Digital demand and supply: The psychology of self-development for digital careers
Are your job skills keeping pace with today's rapidly evolving digital culture? Columnist Jim Yu discusses ways to get up to speed and boost your career in the digital world.
The digital talent war continues as demand for data-driven marketing professionals soars to new heights. Wired announced the war for digital talent began back in 2014, when statistics revealed over 90 percent of companies in the UK — even those that worked in IT — lacked digital skills to keep up with the times.
A report from BCG Perspectives revealed marketers are well aware that digital channels are essential for consumer engagement; global spending on digital advertising is expected to reach $178 billion in 2016. And as more consumers get comfortable using their smartphones and tablets to manage online activities — a significant shift from desktop usage in recent years — there is a strong focus on mobile advertising and mobile engagement.
As a result, digital marketing professionals, conversion scientists, marketing analysts and creative teams are emerging with a new skill set and wider knowledge base. The most successful in this industry need to be up to speed on the latest trends, innovations and resources available in the digital world.
Here’s a close look at ways to develop a thriving career in the digital world:
Upgrade your knowledge base
Textbooks published even a few years ago may be outdated or missing key information, as companies evolve by combining machine learning and human capital. Even basic marketing analytics strategies have evolved beyond reviewing reports and analyzing metrics.
Today, it’s important for marketers and digital content strategists to develop formulas and predictions based on key data and ensure that content creation makes full use of this data. For many digital creatives and online marketers, this means upgrading their knowledge base.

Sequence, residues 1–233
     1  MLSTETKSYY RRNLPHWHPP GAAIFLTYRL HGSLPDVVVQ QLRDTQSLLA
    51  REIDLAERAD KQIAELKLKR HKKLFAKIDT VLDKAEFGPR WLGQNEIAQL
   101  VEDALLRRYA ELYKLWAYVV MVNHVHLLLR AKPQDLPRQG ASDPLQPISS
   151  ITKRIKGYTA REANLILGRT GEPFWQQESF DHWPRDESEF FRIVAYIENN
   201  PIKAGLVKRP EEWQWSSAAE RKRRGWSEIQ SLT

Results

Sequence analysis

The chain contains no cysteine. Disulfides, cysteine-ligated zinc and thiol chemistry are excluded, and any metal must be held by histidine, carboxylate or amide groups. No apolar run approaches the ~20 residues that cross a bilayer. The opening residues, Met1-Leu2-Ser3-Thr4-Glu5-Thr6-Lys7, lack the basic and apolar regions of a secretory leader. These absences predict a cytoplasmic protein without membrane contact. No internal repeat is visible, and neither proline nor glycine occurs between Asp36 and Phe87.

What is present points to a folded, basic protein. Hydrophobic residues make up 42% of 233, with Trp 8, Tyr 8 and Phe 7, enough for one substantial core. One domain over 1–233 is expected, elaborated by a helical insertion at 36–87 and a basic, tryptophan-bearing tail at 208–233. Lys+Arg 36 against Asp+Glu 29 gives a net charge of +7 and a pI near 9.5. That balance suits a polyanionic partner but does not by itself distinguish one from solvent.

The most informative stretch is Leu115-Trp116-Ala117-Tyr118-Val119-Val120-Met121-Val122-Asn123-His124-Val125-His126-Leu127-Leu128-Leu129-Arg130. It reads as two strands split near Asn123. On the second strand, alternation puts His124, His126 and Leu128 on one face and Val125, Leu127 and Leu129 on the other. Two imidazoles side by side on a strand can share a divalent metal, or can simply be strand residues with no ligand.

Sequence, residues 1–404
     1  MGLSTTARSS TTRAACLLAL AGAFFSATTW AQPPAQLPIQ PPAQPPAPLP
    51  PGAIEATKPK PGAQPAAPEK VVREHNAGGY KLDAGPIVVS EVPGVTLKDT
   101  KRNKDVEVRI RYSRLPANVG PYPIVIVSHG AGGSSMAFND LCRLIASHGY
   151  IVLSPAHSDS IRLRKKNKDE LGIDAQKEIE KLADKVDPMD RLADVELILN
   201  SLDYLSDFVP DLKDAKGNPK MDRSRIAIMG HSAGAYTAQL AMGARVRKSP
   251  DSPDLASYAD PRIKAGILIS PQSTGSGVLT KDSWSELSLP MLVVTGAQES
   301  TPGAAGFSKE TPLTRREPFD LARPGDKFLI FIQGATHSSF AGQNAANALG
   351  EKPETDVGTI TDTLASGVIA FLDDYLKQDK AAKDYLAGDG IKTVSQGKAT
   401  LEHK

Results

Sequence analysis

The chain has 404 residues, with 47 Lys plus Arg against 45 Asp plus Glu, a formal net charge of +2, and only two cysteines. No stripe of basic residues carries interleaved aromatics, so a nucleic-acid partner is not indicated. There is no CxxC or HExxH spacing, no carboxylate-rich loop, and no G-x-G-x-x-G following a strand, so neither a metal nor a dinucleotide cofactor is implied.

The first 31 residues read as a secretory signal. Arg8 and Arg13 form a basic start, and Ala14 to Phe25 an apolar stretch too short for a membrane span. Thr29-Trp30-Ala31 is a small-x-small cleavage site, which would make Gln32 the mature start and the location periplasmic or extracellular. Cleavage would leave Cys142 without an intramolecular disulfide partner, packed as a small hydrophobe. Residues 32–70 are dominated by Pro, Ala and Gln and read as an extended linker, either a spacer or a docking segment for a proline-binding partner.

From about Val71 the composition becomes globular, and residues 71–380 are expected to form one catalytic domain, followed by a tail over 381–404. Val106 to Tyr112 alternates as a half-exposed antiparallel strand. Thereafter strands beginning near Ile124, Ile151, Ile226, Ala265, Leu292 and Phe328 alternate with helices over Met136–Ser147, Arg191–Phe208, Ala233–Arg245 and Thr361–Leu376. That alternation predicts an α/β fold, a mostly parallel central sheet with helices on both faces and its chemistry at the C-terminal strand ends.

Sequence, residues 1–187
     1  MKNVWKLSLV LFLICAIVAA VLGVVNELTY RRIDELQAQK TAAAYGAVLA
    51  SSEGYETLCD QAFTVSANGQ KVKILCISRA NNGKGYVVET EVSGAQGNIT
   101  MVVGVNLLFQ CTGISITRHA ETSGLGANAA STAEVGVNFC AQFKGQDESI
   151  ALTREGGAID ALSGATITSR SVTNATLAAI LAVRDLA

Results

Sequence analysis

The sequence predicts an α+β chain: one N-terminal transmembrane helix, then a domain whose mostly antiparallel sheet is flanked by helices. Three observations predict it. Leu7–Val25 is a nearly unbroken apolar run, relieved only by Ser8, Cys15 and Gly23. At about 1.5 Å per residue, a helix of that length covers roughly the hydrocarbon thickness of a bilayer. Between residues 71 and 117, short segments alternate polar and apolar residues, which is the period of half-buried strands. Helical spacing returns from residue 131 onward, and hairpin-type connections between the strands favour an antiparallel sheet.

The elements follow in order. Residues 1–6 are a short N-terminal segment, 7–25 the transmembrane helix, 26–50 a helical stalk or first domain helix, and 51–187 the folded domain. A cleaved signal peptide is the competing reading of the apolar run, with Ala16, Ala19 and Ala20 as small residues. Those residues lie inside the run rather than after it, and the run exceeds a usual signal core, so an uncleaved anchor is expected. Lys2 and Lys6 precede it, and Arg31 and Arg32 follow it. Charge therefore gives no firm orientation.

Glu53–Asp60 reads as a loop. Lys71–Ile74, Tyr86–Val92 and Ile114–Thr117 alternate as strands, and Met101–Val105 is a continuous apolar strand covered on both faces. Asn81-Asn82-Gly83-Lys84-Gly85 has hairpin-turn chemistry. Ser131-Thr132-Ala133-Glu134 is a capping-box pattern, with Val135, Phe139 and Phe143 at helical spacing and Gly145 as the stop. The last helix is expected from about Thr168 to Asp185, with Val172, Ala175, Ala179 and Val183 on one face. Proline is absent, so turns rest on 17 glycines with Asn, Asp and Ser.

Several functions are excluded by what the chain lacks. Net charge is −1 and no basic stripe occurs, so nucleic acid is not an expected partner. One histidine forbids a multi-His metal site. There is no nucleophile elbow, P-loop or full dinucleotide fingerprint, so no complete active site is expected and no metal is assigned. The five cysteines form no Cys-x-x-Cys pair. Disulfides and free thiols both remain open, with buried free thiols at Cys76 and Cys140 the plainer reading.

Attending seminars and workshops about the latest best practices, taking courses at a university or simply seeking out books and reports about the latest industry practices can help an individual develop a more well-rounded perspective of a data-driven economy and best practices that will serve the companies they work with effectively.
Transform into a hybrid
Today’s hybrid marketers are the ones who aren’t afraid to branch out beyond the traditional marketing role — even an online marketing role — to adopt skills that enable them to maximize their reach on behalf of brands and clients by using multiple channels.
As I mentioned last year, a “full-stack marketer” needs to understand data as if they were part of the analytics team. They need to be comfortable dealing with big data so that they can develop impactful marketing strategies and duplicate successful strategies based on numbers.
Get comfortable with adaptation
As more companies branch out into multichannel marketing, and new tools and resources become available to marketers and organizations, digital professionals need to have an open mind to adopt new processes, tools and viewpoints. “Agile marketing” has become a buzzword in recent years, a definition that implies how flexible and fluid marketers need to be to keep up with rapidly changing conditions, goals, and even expectations.